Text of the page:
Saturday, 29 December 2012

Bridging the Disconnect

One of the key issues of our times I think for many of us in the developed nations is disconnection. 

We are no longer the gatherer/hunters or even subsistance agriculturalists that our ancestors were and our food comes pre-packaged from who knows where, however this is not the disconnection I wish to rant about today. 

Mostly in the global North, we do not live on the front lines, we are not the Beaver Lake Cree or the people of the Niger Delta.  Even where I live, where there have been oil and gas fields opened up and a pipeline dug to bring gas onshore, mostly what we see and hear about are the workers and their occaisonal anti-social behaviour after carousing in Lerwick, or Total being asked to be a "good citizen" and fund the community officers whose jobs the council was going to cut. 

We are insulated to some degree from the consequences of our lifestyles.  And it is difficult for us to imagine, for example what the 14,000 barrels a day gushing up from the sub-salt field in the Santos Basin look like.  Yet oil saturates our lives, in our food, our clothes our gadgets and so many things.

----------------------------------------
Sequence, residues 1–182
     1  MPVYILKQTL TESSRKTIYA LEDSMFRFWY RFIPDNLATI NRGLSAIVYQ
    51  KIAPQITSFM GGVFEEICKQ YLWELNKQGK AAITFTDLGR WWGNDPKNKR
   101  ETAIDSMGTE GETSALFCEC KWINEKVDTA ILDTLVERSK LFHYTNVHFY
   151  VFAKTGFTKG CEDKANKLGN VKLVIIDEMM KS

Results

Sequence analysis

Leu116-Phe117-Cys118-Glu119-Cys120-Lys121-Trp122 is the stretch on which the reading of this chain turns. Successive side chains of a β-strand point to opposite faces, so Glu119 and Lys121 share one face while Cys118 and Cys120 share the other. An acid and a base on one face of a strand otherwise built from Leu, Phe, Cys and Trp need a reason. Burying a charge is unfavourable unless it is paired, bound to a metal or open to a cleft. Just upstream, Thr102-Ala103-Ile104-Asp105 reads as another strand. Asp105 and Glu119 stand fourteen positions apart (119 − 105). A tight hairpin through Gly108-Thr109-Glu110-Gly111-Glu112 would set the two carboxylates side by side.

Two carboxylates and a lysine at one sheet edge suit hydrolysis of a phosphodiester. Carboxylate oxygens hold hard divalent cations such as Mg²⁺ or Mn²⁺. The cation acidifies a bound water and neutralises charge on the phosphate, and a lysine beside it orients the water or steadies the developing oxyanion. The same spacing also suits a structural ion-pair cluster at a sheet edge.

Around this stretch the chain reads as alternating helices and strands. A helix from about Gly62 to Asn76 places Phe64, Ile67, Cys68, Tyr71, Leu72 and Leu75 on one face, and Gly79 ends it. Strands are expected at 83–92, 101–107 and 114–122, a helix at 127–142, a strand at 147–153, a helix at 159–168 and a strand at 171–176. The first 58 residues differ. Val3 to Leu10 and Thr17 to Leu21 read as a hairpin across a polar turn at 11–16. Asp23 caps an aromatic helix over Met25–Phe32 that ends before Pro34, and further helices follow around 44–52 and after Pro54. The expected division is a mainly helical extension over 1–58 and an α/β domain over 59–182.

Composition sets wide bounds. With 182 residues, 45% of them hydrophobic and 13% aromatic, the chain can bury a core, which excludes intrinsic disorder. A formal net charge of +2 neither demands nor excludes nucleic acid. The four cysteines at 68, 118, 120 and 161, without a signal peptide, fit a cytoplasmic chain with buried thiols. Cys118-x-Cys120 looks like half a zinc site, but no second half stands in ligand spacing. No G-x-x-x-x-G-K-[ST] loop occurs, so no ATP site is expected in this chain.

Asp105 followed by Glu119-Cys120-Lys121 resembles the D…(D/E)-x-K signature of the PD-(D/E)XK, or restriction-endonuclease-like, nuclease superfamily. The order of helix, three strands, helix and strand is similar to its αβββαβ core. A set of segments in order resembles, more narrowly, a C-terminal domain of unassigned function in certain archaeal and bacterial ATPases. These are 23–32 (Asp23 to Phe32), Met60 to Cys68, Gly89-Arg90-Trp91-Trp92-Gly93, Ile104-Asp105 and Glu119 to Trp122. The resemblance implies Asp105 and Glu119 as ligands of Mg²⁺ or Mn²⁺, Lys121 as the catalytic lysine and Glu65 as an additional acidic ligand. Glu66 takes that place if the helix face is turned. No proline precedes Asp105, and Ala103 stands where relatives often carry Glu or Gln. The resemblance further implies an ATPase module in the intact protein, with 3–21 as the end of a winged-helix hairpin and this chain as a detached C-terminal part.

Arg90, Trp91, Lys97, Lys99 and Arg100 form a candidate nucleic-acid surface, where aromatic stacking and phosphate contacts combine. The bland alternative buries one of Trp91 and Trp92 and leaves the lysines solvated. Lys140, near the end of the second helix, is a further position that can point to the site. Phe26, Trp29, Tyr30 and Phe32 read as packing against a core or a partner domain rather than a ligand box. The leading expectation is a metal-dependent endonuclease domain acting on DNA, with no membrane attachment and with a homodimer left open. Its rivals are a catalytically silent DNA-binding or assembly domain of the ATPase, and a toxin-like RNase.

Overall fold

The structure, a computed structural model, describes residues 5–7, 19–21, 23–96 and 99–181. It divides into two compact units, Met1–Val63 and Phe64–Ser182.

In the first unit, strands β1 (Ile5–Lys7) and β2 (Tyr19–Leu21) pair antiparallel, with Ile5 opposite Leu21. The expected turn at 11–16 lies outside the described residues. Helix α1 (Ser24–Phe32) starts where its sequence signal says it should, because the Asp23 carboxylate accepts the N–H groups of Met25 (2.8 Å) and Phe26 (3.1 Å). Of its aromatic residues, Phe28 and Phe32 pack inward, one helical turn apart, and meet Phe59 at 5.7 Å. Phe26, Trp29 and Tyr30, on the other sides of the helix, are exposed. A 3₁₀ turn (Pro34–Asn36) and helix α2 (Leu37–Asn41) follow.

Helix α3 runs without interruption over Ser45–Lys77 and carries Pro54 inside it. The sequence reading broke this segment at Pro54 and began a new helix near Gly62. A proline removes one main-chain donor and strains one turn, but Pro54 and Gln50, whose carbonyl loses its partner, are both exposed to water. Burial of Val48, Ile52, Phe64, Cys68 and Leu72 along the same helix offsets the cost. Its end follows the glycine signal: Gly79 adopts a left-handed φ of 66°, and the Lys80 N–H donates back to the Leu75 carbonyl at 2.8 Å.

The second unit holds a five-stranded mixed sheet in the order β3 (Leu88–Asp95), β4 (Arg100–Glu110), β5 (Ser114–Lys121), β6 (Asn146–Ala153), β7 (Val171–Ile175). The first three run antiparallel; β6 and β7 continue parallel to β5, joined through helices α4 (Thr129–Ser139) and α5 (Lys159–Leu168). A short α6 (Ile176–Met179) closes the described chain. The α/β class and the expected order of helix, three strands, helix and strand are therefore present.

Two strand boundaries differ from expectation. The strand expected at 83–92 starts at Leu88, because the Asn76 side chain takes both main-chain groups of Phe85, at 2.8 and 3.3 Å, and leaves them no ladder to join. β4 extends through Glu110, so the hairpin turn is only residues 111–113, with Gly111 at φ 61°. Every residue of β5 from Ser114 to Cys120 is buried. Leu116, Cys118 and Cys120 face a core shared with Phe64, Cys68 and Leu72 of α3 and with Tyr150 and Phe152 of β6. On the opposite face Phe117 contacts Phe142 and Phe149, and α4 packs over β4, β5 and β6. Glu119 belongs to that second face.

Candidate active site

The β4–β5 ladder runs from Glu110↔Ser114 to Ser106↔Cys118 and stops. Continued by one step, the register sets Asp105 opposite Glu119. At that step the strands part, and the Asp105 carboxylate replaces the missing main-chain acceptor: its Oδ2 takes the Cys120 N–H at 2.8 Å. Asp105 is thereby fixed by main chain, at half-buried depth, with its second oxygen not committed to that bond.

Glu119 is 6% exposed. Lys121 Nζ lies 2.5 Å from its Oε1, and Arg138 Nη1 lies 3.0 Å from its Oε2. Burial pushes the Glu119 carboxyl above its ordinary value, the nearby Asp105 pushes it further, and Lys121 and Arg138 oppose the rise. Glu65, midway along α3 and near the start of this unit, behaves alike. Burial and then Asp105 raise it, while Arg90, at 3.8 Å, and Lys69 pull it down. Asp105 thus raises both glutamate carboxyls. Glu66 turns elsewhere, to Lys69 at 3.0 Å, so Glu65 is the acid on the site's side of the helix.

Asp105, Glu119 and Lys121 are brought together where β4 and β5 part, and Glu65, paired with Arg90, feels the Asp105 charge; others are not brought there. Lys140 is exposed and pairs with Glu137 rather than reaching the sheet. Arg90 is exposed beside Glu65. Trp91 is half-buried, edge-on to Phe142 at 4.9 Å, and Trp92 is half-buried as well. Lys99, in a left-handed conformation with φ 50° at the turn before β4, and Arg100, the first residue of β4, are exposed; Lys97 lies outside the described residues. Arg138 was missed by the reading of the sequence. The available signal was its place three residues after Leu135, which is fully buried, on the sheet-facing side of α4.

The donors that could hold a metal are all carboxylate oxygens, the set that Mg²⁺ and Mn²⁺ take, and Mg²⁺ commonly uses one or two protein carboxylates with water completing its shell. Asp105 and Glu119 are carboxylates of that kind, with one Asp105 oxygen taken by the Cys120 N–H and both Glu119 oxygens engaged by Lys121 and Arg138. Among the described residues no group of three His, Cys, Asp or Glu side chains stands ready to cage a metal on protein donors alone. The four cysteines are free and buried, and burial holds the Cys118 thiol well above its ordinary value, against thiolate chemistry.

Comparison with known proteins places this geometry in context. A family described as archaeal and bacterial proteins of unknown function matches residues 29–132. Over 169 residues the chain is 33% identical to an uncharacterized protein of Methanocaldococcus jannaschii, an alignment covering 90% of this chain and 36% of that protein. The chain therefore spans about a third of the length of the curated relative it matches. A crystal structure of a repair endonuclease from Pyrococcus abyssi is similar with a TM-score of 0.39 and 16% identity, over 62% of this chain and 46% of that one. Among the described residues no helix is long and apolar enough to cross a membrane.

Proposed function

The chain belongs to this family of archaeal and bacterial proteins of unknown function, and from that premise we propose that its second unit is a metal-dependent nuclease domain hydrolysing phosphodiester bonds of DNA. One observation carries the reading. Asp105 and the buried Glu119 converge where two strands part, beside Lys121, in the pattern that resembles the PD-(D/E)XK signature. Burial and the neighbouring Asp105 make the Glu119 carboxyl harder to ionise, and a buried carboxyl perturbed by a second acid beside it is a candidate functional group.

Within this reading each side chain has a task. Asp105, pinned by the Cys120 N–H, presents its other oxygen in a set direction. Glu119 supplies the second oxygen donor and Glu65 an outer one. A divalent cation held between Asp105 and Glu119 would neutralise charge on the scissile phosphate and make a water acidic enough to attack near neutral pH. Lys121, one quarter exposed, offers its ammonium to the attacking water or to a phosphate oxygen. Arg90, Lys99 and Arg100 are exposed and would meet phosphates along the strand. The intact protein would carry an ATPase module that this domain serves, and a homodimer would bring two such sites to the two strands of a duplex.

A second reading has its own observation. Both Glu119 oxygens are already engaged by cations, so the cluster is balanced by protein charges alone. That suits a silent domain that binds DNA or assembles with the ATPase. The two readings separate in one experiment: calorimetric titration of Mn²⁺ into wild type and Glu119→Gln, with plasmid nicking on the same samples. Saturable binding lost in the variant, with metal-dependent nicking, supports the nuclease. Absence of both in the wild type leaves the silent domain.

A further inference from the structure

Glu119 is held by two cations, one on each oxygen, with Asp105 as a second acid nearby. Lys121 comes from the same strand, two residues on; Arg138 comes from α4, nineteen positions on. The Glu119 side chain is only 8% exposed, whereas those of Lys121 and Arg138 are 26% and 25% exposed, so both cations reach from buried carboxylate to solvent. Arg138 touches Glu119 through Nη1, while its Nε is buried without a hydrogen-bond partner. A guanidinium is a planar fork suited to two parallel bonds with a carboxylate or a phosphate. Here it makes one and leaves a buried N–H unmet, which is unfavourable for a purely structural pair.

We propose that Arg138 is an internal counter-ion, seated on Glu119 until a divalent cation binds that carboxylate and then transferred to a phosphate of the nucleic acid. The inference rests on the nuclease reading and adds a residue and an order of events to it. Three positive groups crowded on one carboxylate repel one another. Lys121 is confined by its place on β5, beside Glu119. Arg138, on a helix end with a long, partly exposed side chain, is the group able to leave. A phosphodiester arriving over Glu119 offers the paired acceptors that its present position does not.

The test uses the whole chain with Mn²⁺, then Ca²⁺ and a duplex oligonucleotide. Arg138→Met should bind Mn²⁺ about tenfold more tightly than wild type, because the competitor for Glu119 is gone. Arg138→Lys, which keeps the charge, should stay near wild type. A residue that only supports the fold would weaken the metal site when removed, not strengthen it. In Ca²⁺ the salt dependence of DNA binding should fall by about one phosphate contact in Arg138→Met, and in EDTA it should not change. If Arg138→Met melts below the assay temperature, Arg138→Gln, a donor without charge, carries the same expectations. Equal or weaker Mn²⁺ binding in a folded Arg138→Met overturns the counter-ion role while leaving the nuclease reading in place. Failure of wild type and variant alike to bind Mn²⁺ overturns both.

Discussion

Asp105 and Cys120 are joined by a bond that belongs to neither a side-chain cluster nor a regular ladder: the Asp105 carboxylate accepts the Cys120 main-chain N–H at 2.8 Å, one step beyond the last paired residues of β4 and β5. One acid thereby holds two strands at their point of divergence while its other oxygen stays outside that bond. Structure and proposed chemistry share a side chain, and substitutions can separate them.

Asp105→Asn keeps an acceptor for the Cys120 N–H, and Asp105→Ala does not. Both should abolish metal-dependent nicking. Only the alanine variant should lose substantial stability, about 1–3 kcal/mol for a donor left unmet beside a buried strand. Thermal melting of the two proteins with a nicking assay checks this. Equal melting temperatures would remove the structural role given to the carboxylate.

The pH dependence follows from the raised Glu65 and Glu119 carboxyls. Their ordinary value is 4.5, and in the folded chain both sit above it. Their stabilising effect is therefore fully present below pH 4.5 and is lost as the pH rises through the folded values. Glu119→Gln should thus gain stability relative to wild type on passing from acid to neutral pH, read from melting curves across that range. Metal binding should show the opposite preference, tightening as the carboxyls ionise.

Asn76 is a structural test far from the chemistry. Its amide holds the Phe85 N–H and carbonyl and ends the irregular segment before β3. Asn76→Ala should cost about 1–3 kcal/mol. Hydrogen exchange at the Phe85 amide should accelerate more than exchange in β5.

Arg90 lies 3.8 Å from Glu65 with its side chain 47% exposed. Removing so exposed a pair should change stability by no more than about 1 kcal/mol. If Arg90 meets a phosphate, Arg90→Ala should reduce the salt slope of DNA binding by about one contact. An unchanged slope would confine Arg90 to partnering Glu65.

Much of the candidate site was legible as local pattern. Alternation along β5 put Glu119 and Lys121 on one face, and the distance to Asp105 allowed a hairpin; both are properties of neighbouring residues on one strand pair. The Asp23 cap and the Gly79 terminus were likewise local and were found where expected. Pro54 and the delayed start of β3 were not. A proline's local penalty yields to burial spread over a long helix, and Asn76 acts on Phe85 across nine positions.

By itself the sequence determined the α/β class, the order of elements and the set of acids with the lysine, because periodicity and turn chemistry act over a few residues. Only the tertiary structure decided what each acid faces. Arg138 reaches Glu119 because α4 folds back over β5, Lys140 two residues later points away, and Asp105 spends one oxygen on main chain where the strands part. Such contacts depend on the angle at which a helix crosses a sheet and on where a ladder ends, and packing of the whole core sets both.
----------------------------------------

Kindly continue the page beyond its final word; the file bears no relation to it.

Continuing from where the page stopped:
I think this "insulation" is wearing thin in places and we are starting to feel the consequences.  The many who have suffered the flooding in the UK, the victims of Sandy,those who felt the impact of the Deepwater Horizon spill, to name but a few.  Extreme weather events are bridging the disconnection, food prices are likely to also bring it home to us. 
We cannot continue as we have. 

However, colloquilly, my eldest daughter (a teenager) reports that most of the kids her age at her (admittedly small) school do not think that climate change is real.  And I do sometimes wonder how the next generation (who seem SO disconnected to me) will cope. 

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